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China dismisses Trump’s cyberattack accusations as 'farce, politically-motivated'

Chinese Foreign Ministry spokesman, Wang Wenbin, speaks during a news conference in Beijing, China, on July 17, 2020. (Photo by Reuters)

China has dismissed as a “farce” and “politically-motivated” accusations by US President Donald Trump that Beijing has been involved in a massive cyberattack in the United States.

Chinese Foreign Ministry spokesman Wang Wenbin made the comments at a daily press briefing in the capital Beijing on Monday, after Trump pointed that China may have been the source of the widespread cyberattack on the government’s military, intelligence and financial institutions.

Wang said Trump's remarks are not serious and are "self-contradictory," adding that Washington’s accusations against Beijing have "always been a farce, out of political motives.”

"The US has politicized cybersecurity issues, continuously spread false information without conclusive evidence... in an attempt to destroy China's image and mislead the international community," he said.

In a Twitter post on Saturday, Trump downplayed a massive cyberattack on US government agencies, declaring it "under control" and undercutting the assessment by his own administration that Russia was to blame.

He also declared that Beijing "may" have been involved, without providing any evidence.   

Trump’s remarks contradicted earlier statements by his Secretary of State Mike Pompeo and several US lawmakers briefed on the issue.

As of Friday, agencies, including the Department of Energy and its National Nuclear Security Administration, the Department of Homeland Security, the State Department, and the Treasury Department, had been breached as part of the alleged espionage operation.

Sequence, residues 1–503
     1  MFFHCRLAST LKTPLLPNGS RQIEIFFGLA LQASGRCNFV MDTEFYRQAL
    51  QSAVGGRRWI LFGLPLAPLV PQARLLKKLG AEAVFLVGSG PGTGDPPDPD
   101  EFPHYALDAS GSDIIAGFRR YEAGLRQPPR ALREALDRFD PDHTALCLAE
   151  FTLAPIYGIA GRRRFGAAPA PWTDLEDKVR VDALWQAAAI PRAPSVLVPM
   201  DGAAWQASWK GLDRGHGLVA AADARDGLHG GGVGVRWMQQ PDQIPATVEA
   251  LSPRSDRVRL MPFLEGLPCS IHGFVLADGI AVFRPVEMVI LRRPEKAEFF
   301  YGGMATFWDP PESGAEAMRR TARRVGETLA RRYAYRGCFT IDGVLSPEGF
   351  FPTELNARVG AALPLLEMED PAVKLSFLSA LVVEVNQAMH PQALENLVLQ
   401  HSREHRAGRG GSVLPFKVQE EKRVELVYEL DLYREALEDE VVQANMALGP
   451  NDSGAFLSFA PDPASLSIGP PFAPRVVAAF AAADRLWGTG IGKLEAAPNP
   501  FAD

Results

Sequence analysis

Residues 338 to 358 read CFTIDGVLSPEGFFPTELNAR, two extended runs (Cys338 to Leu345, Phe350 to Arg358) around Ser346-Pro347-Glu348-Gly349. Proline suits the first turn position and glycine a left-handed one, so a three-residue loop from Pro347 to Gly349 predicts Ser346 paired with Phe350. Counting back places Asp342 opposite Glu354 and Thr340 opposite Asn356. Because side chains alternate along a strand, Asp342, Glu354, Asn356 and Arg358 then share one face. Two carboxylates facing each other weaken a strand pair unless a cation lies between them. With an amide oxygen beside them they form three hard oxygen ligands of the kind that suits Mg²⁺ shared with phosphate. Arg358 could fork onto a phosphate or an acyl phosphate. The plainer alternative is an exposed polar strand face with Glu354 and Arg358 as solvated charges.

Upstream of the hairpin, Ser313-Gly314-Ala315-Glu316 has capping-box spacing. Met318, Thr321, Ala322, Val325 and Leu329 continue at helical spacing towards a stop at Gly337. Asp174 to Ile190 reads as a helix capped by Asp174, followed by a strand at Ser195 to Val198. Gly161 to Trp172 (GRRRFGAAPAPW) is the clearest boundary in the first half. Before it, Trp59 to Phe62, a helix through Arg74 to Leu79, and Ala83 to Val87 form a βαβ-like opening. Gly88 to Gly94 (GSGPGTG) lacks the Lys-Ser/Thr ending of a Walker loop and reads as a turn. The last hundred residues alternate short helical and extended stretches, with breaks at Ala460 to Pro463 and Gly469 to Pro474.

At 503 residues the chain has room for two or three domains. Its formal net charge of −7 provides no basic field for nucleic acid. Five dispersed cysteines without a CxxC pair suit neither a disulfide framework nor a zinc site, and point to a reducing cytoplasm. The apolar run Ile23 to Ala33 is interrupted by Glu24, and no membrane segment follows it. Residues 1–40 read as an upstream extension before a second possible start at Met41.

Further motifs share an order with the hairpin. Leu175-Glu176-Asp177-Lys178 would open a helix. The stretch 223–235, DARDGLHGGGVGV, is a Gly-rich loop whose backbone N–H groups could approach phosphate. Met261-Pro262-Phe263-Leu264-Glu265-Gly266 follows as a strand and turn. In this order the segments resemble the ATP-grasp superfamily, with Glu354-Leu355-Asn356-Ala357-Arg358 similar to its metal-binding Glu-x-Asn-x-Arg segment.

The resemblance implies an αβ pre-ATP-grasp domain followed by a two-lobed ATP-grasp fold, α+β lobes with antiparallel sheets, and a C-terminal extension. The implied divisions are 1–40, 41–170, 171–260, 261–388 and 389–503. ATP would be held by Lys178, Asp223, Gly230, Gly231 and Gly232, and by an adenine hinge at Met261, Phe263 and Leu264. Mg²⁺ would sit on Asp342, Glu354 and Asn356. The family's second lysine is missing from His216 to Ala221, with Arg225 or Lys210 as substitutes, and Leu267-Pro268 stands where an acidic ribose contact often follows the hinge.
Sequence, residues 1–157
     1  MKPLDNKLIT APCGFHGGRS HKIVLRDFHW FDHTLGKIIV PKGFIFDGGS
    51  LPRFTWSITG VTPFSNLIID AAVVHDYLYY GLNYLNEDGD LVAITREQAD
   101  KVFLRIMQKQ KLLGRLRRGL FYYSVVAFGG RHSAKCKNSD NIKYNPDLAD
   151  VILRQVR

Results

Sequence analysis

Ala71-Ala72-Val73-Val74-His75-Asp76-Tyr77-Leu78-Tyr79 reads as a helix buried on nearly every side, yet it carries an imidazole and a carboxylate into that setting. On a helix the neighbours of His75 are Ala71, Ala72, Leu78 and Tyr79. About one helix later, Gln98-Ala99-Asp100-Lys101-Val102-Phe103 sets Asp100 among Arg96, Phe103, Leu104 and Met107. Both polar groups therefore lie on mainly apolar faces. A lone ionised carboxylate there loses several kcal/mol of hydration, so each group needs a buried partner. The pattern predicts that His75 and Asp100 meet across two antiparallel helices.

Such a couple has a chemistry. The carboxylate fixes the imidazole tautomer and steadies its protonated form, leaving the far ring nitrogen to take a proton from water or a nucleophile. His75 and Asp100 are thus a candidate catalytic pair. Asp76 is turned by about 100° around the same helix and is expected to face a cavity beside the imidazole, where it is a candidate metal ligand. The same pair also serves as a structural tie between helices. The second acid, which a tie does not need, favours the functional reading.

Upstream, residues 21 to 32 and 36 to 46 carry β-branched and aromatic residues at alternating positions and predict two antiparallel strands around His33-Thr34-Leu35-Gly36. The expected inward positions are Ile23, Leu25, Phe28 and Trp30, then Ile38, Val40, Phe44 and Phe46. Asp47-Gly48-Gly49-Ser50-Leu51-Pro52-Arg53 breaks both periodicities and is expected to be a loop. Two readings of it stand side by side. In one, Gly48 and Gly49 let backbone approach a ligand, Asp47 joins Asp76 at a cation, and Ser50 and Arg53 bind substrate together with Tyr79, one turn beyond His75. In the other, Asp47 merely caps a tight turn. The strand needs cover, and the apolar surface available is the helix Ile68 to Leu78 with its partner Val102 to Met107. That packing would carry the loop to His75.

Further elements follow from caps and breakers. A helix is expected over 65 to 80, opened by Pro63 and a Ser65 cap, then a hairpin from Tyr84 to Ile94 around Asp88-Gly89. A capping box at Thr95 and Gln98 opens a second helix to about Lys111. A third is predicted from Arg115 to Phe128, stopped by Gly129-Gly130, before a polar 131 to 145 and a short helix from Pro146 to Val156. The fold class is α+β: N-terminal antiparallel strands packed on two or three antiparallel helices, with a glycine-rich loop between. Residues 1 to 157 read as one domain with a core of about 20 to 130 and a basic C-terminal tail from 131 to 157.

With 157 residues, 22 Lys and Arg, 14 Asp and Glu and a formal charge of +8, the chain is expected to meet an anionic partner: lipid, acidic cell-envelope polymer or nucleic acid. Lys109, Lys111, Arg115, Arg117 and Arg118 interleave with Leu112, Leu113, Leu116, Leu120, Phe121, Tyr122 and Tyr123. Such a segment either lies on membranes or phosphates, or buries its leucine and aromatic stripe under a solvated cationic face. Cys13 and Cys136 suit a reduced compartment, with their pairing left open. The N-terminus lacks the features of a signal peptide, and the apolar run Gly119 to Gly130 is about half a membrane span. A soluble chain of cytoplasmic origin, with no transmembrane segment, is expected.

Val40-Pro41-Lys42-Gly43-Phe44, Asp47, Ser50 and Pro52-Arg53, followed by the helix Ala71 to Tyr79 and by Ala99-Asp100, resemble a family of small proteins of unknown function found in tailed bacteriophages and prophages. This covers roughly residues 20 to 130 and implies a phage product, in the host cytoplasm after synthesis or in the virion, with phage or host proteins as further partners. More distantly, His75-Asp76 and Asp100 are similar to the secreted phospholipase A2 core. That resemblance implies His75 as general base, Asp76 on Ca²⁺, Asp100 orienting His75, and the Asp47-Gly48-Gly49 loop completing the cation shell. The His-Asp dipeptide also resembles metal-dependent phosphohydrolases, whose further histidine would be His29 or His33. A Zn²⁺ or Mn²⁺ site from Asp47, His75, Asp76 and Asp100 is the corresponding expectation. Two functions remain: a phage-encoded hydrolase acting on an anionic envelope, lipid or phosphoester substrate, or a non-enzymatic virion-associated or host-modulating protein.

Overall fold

Technology company SolarWinds Corp, which was the key stepping-stone used by the hackers, said up to 18,000 of its customers had downloaded a compromised software update that allowed hackers to spy unnoticed on businesses and agencies for almost nine months.

In the meantime, the FBI, the Cybersecurity and Infrastructure Security Agency and the Office of the Director of National Intelligence founded an urgent group -- the Cyber Unified Coordination Group -- to coordinate the government’s responses to the developing cyberattack.

Pompeo accused Russia of being behind the extensive data breach, saying it was “pretty clearly” Moscow’s work.  

Numerous US lawmakers also accused Russia of involvement in the latest cyberattack and called for strong measures to prevent future hacking efforts as well as reprisal actions to deter such intrusions.

The Kremlin, however, has denied any involvement in the reportedly ongoing hacking spree.

American officials have expressed growing fears over the data breach, warning that it poses “a grave risk” to federal, state and local governments, as well as “critical infrastructure entities.”

Lawmakers have called on the White House to declassify what it knows, and what it does not know about the recent hack.

The hack attack came despite the US installation of defensive sensors all around the country to deter such raids.

The United States has also previously accused China of being behind cyberattacks.

Back in May, the US claimed that Beijing-linked hackers were trying to capture data from its research on ways of treating COVID-19-hit patients and developing vaccines for the disease.

Beijing strongly rejected the allegations at the time, condemning them as slander.

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